MAUMEE, Ohio—Scott Campbell, Eaton P.L.C.'s marketing manager for specialty hose and connectors, remembers going through school in the 1970s and 1980s, and lessons focused on how the U.S. soon would convert to the metric systems.
“Here we are in 2014, and it hasn't happened yet,” said Campbell, who is based at Eaton's Maumee location.
And that has become an increasing problem in industry, he said, as companies in the U.S.—the only industrialized nation not on the metric system—often must deal with both English and metric systems. That is especially true in the hydraulics industry, where with consolidation and globalization, it often means that suppliers of hose, tubing, ports and connectors either must offer components in both measurements or offer some sort of adaptor connection system.
“What we have in the U.S. is this mixing and matching of metric and English measurements,” Campbell said. “There's been a lot of work done in the U.S. to accommodate both types of systems, but the U.S. really hasn't gone over cold turkey to the metric system yet, and to be quite honest with you, I can't see it happening in the near future.”
In the rubber and plastics industry specific to hose and tubing, the problem is that manufacturers use multiple types of connections, depending on where they are located. “When we look at equipment that companies in Europe or China manufacture, it's mainly metric,” he said. “And we are seeing a lot of equipment that's produced in China, Japan or Europe moved into the U.S. or Canada, and a lot of that equipment has metric connections on it and not necessarily the inch connections everybody's used to in the U.S.”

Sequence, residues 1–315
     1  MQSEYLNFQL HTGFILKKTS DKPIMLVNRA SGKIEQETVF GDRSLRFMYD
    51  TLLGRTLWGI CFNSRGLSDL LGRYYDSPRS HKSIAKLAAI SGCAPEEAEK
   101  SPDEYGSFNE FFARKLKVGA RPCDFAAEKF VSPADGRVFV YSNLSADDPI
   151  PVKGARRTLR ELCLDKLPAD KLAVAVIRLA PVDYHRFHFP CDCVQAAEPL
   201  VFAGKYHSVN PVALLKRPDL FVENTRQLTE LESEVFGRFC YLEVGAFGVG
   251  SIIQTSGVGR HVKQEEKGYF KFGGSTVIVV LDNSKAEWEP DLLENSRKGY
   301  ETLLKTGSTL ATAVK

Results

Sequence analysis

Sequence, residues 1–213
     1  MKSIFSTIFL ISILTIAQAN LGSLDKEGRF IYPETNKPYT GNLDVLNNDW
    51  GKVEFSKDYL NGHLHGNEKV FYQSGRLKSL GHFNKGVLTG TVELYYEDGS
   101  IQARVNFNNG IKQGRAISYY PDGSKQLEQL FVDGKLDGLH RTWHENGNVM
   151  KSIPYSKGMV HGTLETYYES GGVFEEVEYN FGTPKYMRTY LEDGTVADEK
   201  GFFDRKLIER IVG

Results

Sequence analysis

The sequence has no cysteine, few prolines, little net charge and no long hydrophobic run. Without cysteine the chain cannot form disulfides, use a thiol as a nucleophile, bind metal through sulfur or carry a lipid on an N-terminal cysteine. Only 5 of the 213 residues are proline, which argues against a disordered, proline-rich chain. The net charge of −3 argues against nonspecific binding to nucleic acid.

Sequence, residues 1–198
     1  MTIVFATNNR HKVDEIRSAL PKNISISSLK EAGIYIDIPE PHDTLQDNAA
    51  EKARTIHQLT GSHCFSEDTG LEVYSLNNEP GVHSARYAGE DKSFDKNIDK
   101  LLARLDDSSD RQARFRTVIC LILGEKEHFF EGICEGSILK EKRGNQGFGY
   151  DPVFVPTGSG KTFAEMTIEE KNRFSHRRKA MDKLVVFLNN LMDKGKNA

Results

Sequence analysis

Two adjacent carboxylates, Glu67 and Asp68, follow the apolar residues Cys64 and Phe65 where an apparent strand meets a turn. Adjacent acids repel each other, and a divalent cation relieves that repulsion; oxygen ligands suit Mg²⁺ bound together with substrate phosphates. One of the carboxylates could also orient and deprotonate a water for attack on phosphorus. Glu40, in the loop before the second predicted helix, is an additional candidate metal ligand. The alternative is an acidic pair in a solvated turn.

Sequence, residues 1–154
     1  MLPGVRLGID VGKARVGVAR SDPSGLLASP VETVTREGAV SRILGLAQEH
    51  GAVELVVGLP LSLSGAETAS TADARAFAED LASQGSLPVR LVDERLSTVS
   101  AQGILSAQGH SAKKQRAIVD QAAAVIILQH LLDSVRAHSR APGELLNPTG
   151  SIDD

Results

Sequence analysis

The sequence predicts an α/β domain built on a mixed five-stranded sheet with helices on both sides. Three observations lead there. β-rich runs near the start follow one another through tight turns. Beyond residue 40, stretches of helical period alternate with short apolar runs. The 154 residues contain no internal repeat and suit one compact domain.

With consolidation, some foreign equipment makers are putting transplant operations into the U.S. but using the same design from their headquarters country, resulting in more metrics on equipment being produced domestically.
Because of that, those firms supporting transplants must be able to offer metric connections along with traditional inch connections, according to Campbell.
For example, most automotive plants operate on the metric system in the U.S. and have machinery brought in from foreign countries. “When it comes time to repair the equipment, the local distributor who services those plants has to be able to accommodate connections,” he said. “You have to offer more part numbers because metrics are not as popular (in the U.S.) as inch connections. We have to guess at times as to what you need to have on your shelves. It makes the manufacturers do more legwork and understanding of what those part numbers need to be for us to be put on the shelf at anytime.”